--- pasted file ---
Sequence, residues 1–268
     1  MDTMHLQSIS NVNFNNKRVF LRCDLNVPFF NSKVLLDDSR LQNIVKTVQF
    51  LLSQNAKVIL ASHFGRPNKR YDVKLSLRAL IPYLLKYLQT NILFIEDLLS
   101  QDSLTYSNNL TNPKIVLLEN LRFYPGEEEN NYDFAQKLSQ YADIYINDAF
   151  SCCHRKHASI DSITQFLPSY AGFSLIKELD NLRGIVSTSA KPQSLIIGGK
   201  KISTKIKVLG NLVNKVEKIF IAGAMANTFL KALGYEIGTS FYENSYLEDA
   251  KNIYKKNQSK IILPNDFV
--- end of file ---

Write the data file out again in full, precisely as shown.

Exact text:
Sequence, residues 1–268
     1  MDTMHLQSIS NVNFNNKRVF LRCDLNVPFF NSKVLLDDSR LQNIVKTVQF
    51  LLSQNAKVIL ASHFGRPNKR YDVKLSLRAL IPYLLKYLQT NILFIEDLLS
   101  QDSLTYSNNL TNPKIVLLEN LRFYPGEEEN NYDFAQKLSQ YADIYINDAF
   151  SCCHRKHASI DSITQFLPSY AGFSLIKELD NLRGIVSTSA KPQSLIIGGK
   201  KISTKIKVLG NLVNKVEKIF IAGAMANTFL KALGYEIGTS FYENSYLEDA
   251  KNIYKKNQSK IILPNDFV